Free willy

Some time back I talked about the power of tradition, and why it even has this power. Now, as I approach a topic that’s been stewing in my head for a while, I recognize that this same power is one of the things that seems to be working directly against our understanding and use of a simple subject, so much so that scientific and philosophical debate are actually taking place.

That subject is free will. We all know what that is, right? Just like we know what consciousness is – until we’re asked to define it in a functional way. Then things start to get a bit fuzzy. So pause here, give it a shot now, and define “free will” in a way that you’re satisfied with, then forge on. Let’s see if we’re on the same page.

Merriam Webster says:

1: voluntary choice or decision <I do this of my own free will>;
2: freedom of humans to make choices that are not determined by prior causes or by divine intervention

…while Wikipedia says:

Free will is the putative ability of agents to make choices free from certain kinds of constraints. Historically, the constraint of dominant concern has been the metaphysical constraint of determinism.

… and goes on from there, as Wiki does (did you ever see a short Wiki article?) Both hint at the historical source, which is basically scriptural; free will is what separates us from “the animals,” and is defined as the ability to purposefully choose between good and evil, or even know what those are. Chances are, your own definition included at least portions of these, and perhaps favored one in particular over the others. I put “the animals” in quotes, by the way, because it’s another concept that we still fall prey to, and it’s simplistic in nature: we are animals ourselves, by any definition of the word. Anyone doubting this just needs to watch me eat…

So, the original idea was really, “capable of sin,” the aspect that distinguished us from other species, the ones without souls. In working parlance now, it still distinguishes us, but in much vaguer ways. It amounts to capriciousness, the concept that we can do whatever we want, and engage in behavior on a whim, as opposed to merely responding to instinct and/or conditioning. It also implies, explicitly, that what we do is not governed by specific physical constraints such as a predetermined destiny or predictable chemical interactions. The other side of this, the idea that physical (or metaphysical) laws can account for everything we do, is referred to as determinism.

If you read that Wiki article, you can see that this is a deeply philosophized idea, with much debate over whether our minds are really as open to variation as we’d like to believe, or whether, given our particular individual backgrounds, our brains must arrive at specific conclusions or actions because that’s simply how they work – predictable electrochemical reactions. In other words, if I know enough about any particular brain, I could predict what someone’s reaction to specific questions would be, every time, because their reaction is guided by their past experiences and is not, for instance, random. Even if they consciously decide to be random, crazy, impetuous, this is only an aspect of their brain that called for departing from a first choice at that particular time, maybe simply to try and thwart my prediction and demonstrate their own free will.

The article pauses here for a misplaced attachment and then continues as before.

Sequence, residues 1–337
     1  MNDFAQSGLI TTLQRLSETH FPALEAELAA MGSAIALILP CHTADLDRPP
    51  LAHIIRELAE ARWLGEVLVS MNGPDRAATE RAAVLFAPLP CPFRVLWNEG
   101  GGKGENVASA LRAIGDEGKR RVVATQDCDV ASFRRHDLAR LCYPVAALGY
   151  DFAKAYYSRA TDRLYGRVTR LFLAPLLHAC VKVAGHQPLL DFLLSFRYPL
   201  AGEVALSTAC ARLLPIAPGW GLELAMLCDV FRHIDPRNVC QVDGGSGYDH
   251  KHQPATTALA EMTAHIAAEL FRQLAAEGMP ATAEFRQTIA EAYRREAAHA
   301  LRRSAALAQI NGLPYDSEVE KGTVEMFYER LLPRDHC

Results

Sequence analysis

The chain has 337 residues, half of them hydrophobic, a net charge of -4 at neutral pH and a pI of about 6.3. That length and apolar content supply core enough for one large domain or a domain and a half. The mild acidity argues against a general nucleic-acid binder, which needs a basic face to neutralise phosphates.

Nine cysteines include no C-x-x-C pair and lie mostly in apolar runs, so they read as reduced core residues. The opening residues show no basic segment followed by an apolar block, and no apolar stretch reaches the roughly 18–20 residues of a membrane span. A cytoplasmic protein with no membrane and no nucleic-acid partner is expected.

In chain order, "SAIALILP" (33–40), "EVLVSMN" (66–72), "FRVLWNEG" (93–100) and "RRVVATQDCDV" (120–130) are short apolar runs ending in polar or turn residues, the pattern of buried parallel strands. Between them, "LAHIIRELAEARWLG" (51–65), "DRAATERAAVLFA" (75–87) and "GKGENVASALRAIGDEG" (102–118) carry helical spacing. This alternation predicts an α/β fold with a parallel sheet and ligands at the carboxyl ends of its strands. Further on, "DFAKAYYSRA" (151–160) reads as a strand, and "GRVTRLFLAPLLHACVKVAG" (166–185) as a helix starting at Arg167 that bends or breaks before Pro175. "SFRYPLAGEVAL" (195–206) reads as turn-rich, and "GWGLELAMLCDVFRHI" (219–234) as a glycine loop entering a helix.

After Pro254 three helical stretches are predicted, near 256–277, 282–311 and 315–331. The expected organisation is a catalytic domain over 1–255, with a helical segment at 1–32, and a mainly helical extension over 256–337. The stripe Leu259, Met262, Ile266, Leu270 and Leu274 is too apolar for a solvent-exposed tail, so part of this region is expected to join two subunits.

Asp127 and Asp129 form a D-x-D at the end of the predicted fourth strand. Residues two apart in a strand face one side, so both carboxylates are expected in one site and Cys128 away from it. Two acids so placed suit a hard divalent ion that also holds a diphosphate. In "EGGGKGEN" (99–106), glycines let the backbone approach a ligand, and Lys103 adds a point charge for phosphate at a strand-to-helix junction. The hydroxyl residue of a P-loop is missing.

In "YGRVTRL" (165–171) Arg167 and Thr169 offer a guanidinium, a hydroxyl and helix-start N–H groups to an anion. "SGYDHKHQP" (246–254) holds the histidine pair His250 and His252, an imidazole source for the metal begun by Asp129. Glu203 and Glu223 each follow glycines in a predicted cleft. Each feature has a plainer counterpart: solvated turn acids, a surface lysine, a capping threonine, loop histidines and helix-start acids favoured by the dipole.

All this is particularly pointless, however. Why we actually concern ourselves over free will doesn’t have anything to do with blindly following instinct, or with whether our past experience guides us irrevocably. The clue to this is when you think of phrases such as “against our will” – obviously, we have very limited functions within us that are truly involuntary, such as responding to pain or something getting in our eye. With a bit of effort, we can often overcome these, and exert our free will even over our own bodies.

No, the point really is whether or not we’re happy with our decisions, whether or not the behavior we engage in is, not voluntary, that’s not even necessary, but simply acceptable to us. That’s what we really want to have, isn’t it? Our past experience may tell us that a certain intersection is prone to idiots jumping the light, and this conditions us to be cautious when approaching it again. We don’t concern ourselves with whether this is an automatic function of our brains, nor with whether or not we can consciously overcome this if we wanted – instead, it’s obviously to our benefit to be wary. Or we may see a new restaurant, and impetuously decide to try it out – perhaps governed entirely by our hunger, desire for a better eating experience, time constraints, knowledge of that type of food, and so on. The impetuousness that we thought we had relies on a large number of factors, all of which may be dictated very specifically by the composition of our synapses – there was only one decision we were possibly going to make at that period in time, so we made it. This only bothers us if we feel that we don’t have control, because that lack of control may lead us someplace we don’t want to go. But the very nature of this determinism is that we approve of our decisions – it’s not involuntary, or at least not perceived as such.